A presentation deck should include any type of slide that you foresee yourself using in the future. Although far from a complete list, here are the most common types of slides that we include in every one of our presentation decks:

Although a well-defined presentation deck can be a hundred slides or more, your deck should be customized to the specific types of presentations and content that are unique to you or your business. If your deck only needs ten different slides, don’t feel forced into creating more for the sake of quantity.

What Other Uses Does a Presentation Deck Have?

Through preparing presentation decks for a number of clients, we have discovered a broad range of uses for a presentation deck that you might not think of right off the bat! Our clients have used their presentation decks for printing marketing booklets for potential clients, putting together looping video content for displays in their trade show booths, making unique content available for download on their website, preparing digital versions of their press kits, and creating training documentation.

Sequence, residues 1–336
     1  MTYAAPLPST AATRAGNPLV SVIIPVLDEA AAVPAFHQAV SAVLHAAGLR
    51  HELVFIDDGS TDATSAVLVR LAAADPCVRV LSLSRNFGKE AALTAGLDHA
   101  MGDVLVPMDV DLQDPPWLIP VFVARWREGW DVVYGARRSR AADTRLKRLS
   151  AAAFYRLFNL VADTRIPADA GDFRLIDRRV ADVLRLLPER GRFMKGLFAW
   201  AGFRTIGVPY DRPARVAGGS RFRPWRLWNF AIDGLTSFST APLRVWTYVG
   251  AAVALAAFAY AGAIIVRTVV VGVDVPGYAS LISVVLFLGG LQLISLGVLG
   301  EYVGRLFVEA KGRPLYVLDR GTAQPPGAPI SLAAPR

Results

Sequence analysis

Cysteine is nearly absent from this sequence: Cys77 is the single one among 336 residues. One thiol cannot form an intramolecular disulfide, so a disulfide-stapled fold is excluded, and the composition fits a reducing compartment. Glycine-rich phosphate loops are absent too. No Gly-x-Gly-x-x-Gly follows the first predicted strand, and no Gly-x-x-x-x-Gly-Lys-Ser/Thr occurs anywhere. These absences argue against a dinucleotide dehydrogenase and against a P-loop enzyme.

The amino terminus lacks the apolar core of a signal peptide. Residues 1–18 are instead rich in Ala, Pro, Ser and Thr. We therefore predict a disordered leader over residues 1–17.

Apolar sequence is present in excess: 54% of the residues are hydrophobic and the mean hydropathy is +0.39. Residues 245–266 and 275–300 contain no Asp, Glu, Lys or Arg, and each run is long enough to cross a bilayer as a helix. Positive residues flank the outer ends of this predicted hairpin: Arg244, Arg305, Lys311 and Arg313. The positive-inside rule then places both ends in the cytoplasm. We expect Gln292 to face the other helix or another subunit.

How Do You Prepare a Presentation Deck?

The first step to designing a presentation deck is to evaluate your previous and/or upcoming presentation needs. Every presenter (and thusly, every presentation) is unique, so your presentation deck should be set up in a fashion that best suits the needs of your content and your presentation style. Are you the type of presenter that likes to include video or audio files? Do you typically showcase tables of data? Or are your slides primarily text based? By evaluating the most common types of content that you include in presentations, you’ll have a better idea of the types of slides to include in your deck.